Ever since the Cincinnati streetcar has been envisioned, the mass transit project has been mired in misrepresentations driven largely by opponents and politicians. CityBeat has a breakdown of the misrepresentations
here, showing some of the silliest and biggest falsehoods claimed by opponents and supporters.
stopped at the Northside parade to call for new restrictions on firearms. Giffords is part of a slew of national leaders calling for stronger regulations and enforcement for background checks — a policy
more than nine in 10 Americans support. Still, the call seems to be politically unheard so far: Federal legislation is stalled in Congress, and Ohio legislators are
working to loosen gun restrictions.
shutting down by the end of the year. The city picked up Media Bridges’ funding after the organization lost state funding that had been provided through an agreement with Time Warner Cable. But city officials claim the local funding was supposed to act as a one-year reprieve and nothing more — a claim Media Bridges was apparently never made aware of until it was too late. To justify the cut, the city cites public surveys that ranked budget programs in terms of importance, but a look at the citizen surveys shows the demographics were skewed against low-income people who make the most use out of programs like Media Bridges.
“Meet Daniela,”the hypothetical victim of Republican policies at the state and national level.
• Ben Kaufman:
“‘Enquirer’ Takes Questionable Approach to Covering Meyers Ordination,”which analyzes the questionable apathy to a supposedly “illegal” ordination of a woman Catholic priest.
• Kathy Wilson:
“Until It’s Time for You to Go,”a look at the life story of South African leader Nelson Mandela and the hurdles he faced as he helped end discriminatory apartheid policies.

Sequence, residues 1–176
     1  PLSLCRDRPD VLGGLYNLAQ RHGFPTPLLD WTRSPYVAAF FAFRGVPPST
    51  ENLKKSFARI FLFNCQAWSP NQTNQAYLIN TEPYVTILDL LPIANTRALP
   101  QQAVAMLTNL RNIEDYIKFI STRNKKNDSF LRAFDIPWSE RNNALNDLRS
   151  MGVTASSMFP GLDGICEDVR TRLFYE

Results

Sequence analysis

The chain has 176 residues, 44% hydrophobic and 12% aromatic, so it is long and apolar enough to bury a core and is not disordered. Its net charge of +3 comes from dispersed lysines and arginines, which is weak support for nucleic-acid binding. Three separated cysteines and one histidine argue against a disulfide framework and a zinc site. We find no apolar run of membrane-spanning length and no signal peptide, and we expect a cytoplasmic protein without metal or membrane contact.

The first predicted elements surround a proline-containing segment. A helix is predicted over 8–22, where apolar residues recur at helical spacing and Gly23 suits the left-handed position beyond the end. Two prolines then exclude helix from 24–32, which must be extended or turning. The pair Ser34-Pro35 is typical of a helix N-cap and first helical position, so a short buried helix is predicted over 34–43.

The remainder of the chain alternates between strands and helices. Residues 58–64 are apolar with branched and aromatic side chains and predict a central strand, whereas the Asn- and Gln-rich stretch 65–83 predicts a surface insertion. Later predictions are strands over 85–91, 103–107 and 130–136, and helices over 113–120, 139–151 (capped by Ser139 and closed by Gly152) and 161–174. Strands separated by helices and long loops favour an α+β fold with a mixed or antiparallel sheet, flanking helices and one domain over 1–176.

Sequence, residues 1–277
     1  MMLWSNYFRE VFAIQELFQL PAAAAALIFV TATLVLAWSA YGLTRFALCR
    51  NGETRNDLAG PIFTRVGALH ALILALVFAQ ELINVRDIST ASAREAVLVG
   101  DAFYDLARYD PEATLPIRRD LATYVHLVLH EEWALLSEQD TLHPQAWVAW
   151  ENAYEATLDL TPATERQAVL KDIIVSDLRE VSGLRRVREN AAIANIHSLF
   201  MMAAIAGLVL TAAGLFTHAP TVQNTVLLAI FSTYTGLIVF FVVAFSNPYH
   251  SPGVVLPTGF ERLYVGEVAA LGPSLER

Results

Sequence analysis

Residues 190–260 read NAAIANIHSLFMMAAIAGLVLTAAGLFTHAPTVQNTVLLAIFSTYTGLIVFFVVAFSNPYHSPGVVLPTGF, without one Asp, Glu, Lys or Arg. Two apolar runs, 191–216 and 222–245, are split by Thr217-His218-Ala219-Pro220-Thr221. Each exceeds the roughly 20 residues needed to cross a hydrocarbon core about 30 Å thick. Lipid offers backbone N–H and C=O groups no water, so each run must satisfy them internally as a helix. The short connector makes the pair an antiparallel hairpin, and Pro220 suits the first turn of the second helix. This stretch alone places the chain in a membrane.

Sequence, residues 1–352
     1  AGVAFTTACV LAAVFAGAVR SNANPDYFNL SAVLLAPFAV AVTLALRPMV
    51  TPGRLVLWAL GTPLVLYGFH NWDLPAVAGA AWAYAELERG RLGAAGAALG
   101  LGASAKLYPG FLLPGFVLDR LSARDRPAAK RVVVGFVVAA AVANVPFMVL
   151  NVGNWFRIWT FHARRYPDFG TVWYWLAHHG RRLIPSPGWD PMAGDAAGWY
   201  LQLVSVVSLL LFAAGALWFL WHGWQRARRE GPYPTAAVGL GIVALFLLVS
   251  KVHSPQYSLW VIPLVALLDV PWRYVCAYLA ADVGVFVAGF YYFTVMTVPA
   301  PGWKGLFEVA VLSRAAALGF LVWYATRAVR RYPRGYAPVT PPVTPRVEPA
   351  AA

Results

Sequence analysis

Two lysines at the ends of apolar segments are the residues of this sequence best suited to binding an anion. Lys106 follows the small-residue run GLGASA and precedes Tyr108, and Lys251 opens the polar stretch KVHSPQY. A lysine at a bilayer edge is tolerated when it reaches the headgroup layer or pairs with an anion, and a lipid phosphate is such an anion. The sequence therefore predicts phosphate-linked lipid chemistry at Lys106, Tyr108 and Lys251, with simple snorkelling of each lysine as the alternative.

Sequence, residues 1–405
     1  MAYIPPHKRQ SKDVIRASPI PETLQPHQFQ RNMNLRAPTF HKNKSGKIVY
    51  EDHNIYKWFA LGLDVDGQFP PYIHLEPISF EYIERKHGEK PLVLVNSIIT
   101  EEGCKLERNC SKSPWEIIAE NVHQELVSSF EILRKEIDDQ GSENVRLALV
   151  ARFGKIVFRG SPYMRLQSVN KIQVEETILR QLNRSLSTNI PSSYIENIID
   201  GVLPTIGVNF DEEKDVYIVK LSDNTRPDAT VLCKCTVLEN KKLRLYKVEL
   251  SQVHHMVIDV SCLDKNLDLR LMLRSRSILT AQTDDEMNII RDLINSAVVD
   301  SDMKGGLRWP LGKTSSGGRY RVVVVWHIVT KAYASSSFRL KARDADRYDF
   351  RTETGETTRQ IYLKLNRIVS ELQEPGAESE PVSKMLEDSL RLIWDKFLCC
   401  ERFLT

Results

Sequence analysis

showing a video with the gruesome visualsas part of a protest against what it sees as “the greatest human rights injustice of our time.” The group defends its tactics by citing its First Amendment rights. The U.S. Supreme Court has so far refused to rule one way or the other on the issue, but, barring some restrictions for airwave broadcasts, the court typically protects all kinds of political speech as long as it’s not pornographic.
changing how it responds to callsto focus on what it sees as the most important issues, such as impacting violent crime, youth intervention efforts, long-term problem solving projects, traffic safety and neighborhood quality-of-life issues. The biggest change will come with how the department reacts to minor traffic accidents: It will still respond, but it may not file a report.
set a goalyesterday: zero. It’s a dramatic vision for a region that, at 13.6, has an infant mortality rate more than twice the national average of six, as CityBeat covered
Councilman P.G. Sittenfeld announced in a statement yesterday that he will be gathering local leaders and health officials to encourage the state to expand Medicaid. The expansion, which CityBeat covered in further detail
here, would save Ohio money and insure half a million Ohioans in the next decade, according to an analysis by the Health Policy Institute of Ohio.
Fish oils may increase the risk of prostate cancer, according to a new study.
made it through a U.S. Senate committeeyesterday.
Cadillac’s Super Cruise could have the features to making self-driving cars viable.
see by listening.